Guest Blog by Tracy Burkinshaw, who describes her journey with baby Lincoln – one size doesn’t fit all.
Whenever I tell people that my son was premature, the first thing they want to know is how much he weighed. They never expect the answer to be “7lbs 8oz” and usually they respond to this revelation with “oh, you must have gotten your dates wrong!” or “he must have been ready to come!” or, my personal favourite ” you’re lucky that you didn’t go full term!”. The truth is, he may have been a gigantic preemie, but he was still premature and he still suffered for it.
Lincoln was born at exactly 34 weeks gestation. We’d known for a while that things weren’t exactly going to plan; my diabetes wasn’t behaving which meant that he was growing bigger and bigger by the day, he also stopped moving towards the end. I was admitted to hospital at 33 weeks when my consultant uttered the words that no parent wants to hear “we may not have a live birth if we wait much longer”.
My son was delivered via caesarean section two days later. He came out crying which was a truly wonderful sound, but things started going downhill very quickly. Within minutes he was gasping and he was unable to breathe for himself. I briefly caught a glimpse of him and then they whisked him away to the NICU, leaving me on the operating table. While I was being stitched up a nurse told me that he was the biggest 34 weeker that they’d seen, weighing a huge 7lbs 8oz.
The sad fact in many hospitals is that they don’t have a separate ward for mothers of babies in the NICU, so I was put onto a ward full of happy mothers with their healthy babies, it was soul destroying to be surrounded by constant reminders that my son wasn’t with me but was desperately ill on another ward.
Lincoln was around 6 hours old when I got to see him again, he was covered from head to toe in tubes and wires. He was on a ventilator and had lines going into his umbilical cord and into his hands and feet. It was at this point that reality hit me; his large size meant nothing, he was premature and was struggling because of it.
I’d been naive in thinking that his size would mean that he’d be ok. The grief hit me like a wave later that night on the postnatal ward. Listening to the cries of healthy babies around me I started to sob, grieving for the lost couple of months of my pregnancy, grieving that I couldn’t experience the joys of getting to do the first feed and the first nappy change with my newborn son, and grief that my body had failed to do what it was supposed to do. I also worried that I had let down my husband and my three year old daughter.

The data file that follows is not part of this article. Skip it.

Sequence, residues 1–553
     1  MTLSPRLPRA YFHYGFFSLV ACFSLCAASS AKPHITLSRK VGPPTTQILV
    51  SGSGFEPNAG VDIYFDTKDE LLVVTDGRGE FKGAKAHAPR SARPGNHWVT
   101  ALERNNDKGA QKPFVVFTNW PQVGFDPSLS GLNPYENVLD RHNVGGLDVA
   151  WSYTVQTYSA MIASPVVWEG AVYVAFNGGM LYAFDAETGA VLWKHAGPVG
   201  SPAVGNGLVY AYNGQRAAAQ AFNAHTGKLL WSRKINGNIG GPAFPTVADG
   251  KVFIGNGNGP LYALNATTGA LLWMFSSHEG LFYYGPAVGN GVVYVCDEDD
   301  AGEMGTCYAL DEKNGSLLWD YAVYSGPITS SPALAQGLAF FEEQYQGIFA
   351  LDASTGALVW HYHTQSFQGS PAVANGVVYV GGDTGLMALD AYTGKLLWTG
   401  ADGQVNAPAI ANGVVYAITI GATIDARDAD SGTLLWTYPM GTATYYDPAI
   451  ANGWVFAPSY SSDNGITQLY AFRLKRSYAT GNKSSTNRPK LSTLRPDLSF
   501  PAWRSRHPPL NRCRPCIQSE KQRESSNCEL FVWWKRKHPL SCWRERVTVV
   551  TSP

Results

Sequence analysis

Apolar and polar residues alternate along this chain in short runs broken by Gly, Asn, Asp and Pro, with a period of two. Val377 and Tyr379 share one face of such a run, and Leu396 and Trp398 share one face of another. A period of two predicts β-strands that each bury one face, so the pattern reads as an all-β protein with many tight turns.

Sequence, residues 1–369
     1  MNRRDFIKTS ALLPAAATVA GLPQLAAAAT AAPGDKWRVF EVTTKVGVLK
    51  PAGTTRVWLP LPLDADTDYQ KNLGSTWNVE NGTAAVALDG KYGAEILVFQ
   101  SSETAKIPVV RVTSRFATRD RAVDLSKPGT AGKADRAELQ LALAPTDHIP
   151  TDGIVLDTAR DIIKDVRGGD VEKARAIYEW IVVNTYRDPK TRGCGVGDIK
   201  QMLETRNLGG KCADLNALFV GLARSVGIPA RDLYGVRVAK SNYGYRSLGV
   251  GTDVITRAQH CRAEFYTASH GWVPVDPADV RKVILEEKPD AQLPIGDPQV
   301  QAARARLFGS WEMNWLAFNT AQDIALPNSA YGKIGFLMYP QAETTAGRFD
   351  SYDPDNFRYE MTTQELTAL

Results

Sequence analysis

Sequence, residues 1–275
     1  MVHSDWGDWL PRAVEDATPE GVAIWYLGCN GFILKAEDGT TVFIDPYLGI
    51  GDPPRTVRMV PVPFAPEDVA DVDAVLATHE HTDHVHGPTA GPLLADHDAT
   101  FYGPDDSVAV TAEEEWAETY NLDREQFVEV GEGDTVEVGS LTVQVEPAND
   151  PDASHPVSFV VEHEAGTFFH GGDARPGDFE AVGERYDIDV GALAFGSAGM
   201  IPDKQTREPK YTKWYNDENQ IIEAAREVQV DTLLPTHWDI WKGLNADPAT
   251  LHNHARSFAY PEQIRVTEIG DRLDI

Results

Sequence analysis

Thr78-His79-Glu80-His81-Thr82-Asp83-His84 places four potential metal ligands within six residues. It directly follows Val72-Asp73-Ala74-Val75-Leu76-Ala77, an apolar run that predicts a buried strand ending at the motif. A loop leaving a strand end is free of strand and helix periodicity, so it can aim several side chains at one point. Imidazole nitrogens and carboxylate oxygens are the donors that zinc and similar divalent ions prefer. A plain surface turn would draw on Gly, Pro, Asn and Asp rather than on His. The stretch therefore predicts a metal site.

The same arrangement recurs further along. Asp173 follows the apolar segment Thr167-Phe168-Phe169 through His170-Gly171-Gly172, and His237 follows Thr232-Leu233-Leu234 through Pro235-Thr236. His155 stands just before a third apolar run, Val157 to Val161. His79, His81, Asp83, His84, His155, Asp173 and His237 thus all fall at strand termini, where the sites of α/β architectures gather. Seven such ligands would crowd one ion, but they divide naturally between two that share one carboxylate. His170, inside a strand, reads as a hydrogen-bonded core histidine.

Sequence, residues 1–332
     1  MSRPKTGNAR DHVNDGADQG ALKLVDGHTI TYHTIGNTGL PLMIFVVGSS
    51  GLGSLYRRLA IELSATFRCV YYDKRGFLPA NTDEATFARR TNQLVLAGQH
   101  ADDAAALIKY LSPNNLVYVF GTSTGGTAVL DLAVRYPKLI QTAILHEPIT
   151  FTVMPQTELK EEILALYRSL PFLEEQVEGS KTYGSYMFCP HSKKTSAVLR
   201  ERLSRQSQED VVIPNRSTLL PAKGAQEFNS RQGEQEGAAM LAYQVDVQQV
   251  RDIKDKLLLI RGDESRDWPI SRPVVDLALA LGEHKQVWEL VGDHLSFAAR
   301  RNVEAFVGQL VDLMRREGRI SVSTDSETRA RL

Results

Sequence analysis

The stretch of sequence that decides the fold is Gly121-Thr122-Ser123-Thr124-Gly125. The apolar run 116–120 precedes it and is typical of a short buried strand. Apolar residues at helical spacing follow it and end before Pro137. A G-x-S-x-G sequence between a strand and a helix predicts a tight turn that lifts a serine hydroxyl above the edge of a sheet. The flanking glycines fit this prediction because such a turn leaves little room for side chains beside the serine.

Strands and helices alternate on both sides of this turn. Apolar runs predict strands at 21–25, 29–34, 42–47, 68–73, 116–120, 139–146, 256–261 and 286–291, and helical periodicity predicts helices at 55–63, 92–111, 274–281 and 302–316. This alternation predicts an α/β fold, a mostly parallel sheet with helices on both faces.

After a few days Lincoln no longer needed any help with his breathing and I was finally able to start getting more involved in his care. I finally got to change a nappy, and I was ecstatic to be able to try breastfeeding him. I expected him to latch on straight away, however, I didn’t realise that babies often don’t develop the sucking reflex until around 36 weeks gestation, and at this point Lincoln hadn’t yet developed it and so couldn’t feed by himself. Again, I’d assumed that because of his size that he’d be developmentally advanced too, but that wasn’t the case; he was behaving exactly like a 34 weeker should. I was persistent in trying to get him to breastfeed and after a few days he finally started to feed in tiny amounts. It was a slow and frustrating journey as he was too young and too sleepy (due to jaundice) to feed effectively, eventually though, he got it, just as the nurses had promised he would.
Now, five months later, I look at my happy, smiling little boy and can’t believe the journey that he went through. His first few weeks were incredibly rough, even once home we had constant hospital visits – prolonged jaundice, enlarged liver, hearing tests, hip scans, chest x rays, liver scans, blood tests – it felt never ending, but we’ve come out the other side. He’s still under consultant care but our not so little superhero will continue to fight through it.
People are always surprised at the size of Lincoln. He’s on the 98th percentile for his gestation so it’s difficult for some people to understand that he was premature. People expect preemies to the tiny, but that’s not always the case. Some of the comments that we get can be really upsetting, I know that they mean well, but asking if my dates were wrong, or telling me that I’m lucky that I didn’t have to experience the uncomfortable last stage of pregnancy isn’t helpful, it just makes me sad that I didn’t get the ‘normal’ pregnancy experience and it makes me feel like I’ve failed. I find myself telling strangers that he was premature, like somehow, me telling them will validate his experience. I want people to know that despite his size, he was poorly and that my son has gone through more medical procedures and tests than most people will have in their entire lives, but he got through it because of his fighting spirit and the love of his family.
With thanks to Tracy for sharing her story.
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